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Ten Years Of The RMA

The Resource Management Act is proving effective in a situation where tension and disagreement will always exist, regardless of the shape of legislation, Environment Minister, Marian Hobbs, said today.

The RMA is 10 years old today and when it became law on October 1, 1991, was widely recognised as a ground-breaking framework for achieving sustainability.

"Ten years later, the Act is now firmly established as the key piece of legislation that enables communities to manage their environment," Marian Hobbs said.

"Resource management is about balancing the different needs and wants of people with protecting the natural environment. Sometimes there is disagreement about the use of those resources. But if you provide the people with a way to have their say, as the RMA does, there will inevitably be disagreements.

"The same would be true regardless of how the Act was structured.

"The RMA replaced over 50 laws and statutes for water and soil conservation, town and country planning, coastal and geothermal management, air quality and noise.

"Often, the tension and the ¡¥horror stories¡¦ surrounding the Act can overshadow its success. We must recognise that it has been largely successful, achieving a great deal in the last 10 years to improve the environment we live in.

"Sewage discharges have been cleaned up, old rubbish tips closed, business is taking responsibility for the environment and we know more about the state of the environment and how we affect it. Also, many regional councils have undertaken planning to improve air and water quality across the country.

"Increased flexibility for business and more opportunity for public participation have been major aims of the RMA.

"Responsible businesses have embraced these opportunities, finding that doing their homework and getting neighbours on board has led to a smooth process and good outcomes ƒ{ not just for their business, but also for the environment.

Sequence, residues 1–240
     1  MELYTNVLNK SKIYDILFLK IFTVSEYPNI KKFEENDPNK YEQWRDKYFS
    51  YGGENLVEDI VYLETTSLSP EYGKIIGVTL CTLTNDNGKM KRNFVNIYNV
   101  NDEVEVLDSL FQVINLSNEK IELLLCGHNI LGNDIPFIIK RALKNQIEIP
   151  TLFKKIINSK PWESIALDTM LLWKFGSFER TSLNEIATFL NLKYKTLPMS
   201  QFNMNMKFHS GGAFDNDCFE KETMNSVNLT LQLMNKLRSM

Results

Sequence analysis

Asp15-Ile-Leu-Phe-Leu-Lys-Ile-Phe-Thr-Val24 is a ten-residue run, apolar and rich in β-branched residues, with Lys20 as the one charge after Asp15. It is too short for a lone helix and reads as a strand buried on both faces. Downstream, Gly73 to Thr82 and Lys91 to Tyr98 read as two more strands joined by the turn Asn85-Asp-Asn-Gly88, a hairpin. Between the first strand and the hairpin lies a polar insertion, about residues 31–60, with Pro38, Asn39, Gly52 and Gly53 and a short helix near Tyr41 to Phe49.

"We can always do better, and this government is committed to improving the performance, not only of the Act, but of those responsible for implementing it.

"The RMA is not intended to stifle sensible development and innovation, but rather to ensure that if there are environmental effects from a development or similar, they are managed appropriately.

"While this means that activities with large environmental effects will be scrutinised closely and may take time, critics choose to overlook the fact that 48,000 consents were issued last year. For the vast majority of people, getting a resource consent is anything but difficult, and criticisms about delays and costs need to be considered in the right context.¡¨


A function will be held to celebrate the tenth anniversary of the RMA at the Wellington City Gallery, Civic Square on Monday 1st October 6-8pm.

Speakers include the Minister for The Environment, Hon Marian Hobbs, Lindsay Gow (Acting Chief Executive of the Ministry for the Environment), Sir Geoffrey Palmer (introduced the RM Bill in 1989), Judge Allin (Principal Environment Court Judge) and Margaret Shields from Local Government New Zealand.

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